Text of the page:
by Willem Lange
EAST MONTPELIER – I’d have to rate the Christmas of 1958 as the worst I’ve ever experienced. My beloved old Plymouth had thrown a rod the Sunday after Thanksgiving and lay dead in the field behind the tow truck owner’s garage. I’d cut my knee (and a new pair of jeans) with my double-bitted axe a couple of days previous, and on Christmas Eve had been laid off my job cutting and burning brush up on Porter Mountain. I got two meals a day by cleaning the barroom down on the corner in the morning and tending bar during the evening. I had two little gray kittens nobody else wanted.
My parents were deaf, so I couldn’t call home, even if I’d had a telephone. Home was about three hours away, if I could have gotten there. So I went out back and cut a scraggly little white spruce (what’s called a Charlie Brown tree nowadays) about two feet high and propped it in the corner on top of my table. No ornaments. I was feeling pretty lonesome and sorry for myself. The bright spots were that my kerosene stove, running water, gas stove, and hot water heater all worked, and I had enough venison hanging frozen in the woodshed to last all winter. Also, the Garrisons, who rented next door and had little more than I did, brought me a freshly baked cake Christmas afternoon. Which, of course, made me feel more forsaken than ever.
Here it is, 62 years later, and I’m going to be alone again for Christmas. The whirlwind that for several decades transformed my Christmas into a Dickensian masterpiece is now running the show in a celestial setting (the conjunction of Saturn and Jupiter surely reflect her influence). As before, all my domestic utilities are up to snuff. There’s no venison in the freezer – I gave up hunting years ago – but the vehicles are running fine. Trouble is, there’s nowhere to go.
Thousands of my fellow citizens – perhaps hundreds of thousands – are in the same boat: alone for Christmas, which, along with Thanksgiving, is traditionally a time for families to gather.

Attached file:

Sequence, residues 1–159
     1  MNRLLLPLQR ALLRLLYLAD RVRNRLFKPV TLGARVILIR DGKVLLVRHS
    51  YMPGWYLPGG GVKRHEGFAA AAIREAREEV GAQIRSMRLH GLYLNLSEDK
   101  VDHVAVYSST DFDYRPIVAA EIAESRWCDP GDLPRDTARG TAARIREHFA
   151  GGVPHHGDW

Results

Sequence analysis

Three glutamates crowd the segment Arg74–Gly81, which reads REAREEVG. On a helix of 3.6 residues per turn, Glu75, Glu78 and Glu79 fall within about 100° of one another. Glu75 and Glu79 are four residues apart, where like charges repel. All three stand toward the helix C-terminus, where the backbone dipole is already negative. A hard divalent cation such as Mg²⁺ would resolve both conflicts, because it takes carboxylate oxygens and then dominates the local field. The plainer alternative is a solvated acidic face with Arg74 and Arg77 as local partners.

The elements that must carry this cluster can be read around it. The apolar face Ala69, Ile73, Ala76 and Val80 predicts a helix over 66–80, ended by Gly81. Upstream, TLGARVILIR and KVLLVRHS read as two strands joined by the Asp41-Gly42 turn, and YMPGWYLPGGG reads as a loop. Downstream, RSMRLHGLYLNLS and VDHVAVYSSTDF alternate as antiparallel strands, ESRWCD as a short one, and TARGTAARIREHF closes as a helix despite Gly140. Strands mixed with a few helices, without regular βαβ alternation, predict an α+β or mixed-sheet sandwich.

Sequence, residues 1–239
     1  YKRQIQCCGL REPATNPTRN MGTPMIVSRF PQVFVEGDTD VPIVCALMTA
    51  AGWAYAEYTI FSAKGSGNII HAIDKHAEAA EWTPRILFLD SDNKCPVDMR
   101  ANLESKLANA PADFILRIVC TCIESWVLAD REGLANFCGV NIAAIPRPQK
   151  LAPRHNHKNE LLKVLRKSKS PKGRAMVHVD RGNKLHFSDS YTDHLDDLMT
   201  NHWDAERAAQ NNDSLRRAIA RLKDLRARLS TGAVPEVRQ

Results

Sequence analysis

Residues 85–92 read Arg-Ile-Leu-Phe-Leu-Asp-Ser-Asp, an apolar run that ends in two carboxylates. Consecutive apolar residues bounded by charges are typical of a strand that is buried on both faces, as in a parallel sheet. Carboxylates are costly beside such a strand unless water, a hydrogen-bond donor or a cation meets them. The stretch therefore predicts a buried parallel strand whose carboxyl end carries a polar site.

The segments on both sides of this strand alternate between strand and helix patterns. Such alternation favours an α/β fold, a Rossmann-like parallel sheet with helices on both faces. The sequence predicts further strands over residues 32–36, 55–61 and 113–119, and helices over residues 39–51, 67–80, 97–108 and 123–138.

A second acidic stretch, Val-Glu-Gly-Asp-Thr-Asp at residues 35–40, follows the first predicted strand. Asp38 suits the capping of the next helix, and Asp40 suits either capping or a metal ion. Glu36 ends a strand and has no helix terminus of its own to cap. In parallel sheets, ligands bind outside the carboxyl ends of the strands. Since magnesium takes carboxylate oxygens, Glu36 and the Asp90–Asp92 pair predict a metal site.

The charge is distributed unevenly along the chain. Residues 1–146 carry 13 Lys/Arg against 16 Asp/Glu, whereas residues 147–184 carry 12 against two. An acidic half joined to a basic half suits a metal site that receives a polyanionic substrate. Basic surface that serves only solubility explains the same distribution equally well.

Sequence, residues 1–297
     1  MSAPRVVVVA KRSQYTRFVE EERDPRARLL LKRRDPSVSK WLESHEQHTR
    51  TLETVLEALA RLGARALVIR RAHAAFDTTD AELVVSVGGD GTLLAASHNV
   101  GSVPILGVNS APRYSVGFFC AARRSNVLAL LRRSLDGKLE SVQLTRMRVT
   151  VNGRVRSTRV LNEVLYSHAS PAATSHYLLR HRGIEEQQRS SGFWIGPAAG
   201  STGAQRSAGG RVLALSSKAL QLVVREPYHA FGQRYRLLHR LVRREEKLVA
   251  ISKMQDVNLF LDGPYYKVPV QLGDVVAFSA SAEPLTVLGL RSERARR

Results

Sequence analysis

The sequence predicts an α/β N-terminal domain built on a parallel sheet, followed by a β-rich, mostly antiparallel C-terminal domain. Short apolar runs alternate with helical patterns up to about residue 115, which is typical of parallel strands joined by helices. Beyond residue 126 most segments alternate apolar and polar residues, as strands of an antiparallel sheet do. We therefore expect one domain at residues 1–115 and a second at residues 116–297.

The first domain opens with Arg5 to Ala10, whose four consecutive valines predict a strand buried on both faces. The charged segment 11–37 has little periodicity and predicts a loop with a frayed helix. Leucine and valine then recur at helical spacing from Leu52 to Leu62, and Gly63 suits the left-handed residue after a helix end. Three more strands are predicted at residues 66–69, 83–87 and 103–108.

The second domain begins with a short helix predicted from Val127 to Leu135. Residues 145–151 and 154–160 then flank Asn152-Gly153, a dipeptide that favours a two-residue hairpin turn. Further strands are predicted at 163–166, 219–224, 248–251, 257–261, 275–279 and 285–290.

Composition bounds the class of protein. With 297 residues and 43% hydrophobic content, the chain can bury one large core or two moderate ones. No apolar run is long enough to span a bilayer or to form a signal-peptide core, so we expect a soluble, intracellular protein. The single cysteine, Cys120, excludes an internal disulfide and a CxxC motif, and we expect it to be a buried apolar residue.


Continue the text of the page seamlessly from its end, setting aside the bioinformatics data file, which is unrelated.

But somehow, after months of semi-hibernation and cautious interactions, I don’t find it so hard – especially when I consider the huge and growing number of COVID-afflicted families that, like old jigsaw puzzles, are missing pieces of their pictures. They may also be dependent upon a food bank or be waiting anxiously for the pittance about to be allotted them by their millionaire benefactors in Congress, or even facing eviction and homelessness. It’s dark out there.
In fact, the day I’m writing this, the winter solstice, is the shortest, darkest day of the year. It’s the day that’s been celebrated since ancient times by Druids, Romans, Norse, and English. It’s a day promising better (if, for a while, colder) days to come. A common theme of our celebrations, from Hanukkah to Kwanzaa, is that of light – tiny but unquenchable – shining in darkness.
This is no doubt the reason the early Christian fathers picked midwinter as the birthday of the Christ child: a light shining in darkness, as the Gospel of John describes it, that the darkness has never put out. We were encouraged as kids to memorize the beautiful Nativity story from Luke. My Grandfather Lange, who gave me (among many other Bibles; he was a Gideon) Martin Luther’s translation, was quite happy when I mastered the passage in German.
As with most stories, it doesn’t matter whether you believe it or not. It’s perfectly suited to both this time of year and our apparently everlasting sorry human condition. Under the oppressive thumb of, and threat of death from Caesar and Herod, a tiny, vulnerable peasant infant improbably brought a flicker of hope into a suffering, warlike world. The ensuing slaughter of all the area’s male infants is testimony to what the fear of a rival meant to the political hierarchy.
The Christmas of ornaments and tinsel and bright presents around a fir tree are for me but memories, albeit happy ones. I do love the old carols; and my former church in Hanover, St. Thomas, has put the music of its traditional service of lessons and carols online. It’s playing in the background as I write. I remember the children’s choir in Brownwood, Texas, on Christmas Eve in 1953 singing “Angels We Have Heard own Hah” in a broad Texas accent. And on Christmas Eve here this year, I’ll look at the old man’s picture and say, “This one’s for you, Grampa.” Es begab sich aber zu der Zeit, dass ein Gebot von dem Kaiser Augustus ausging…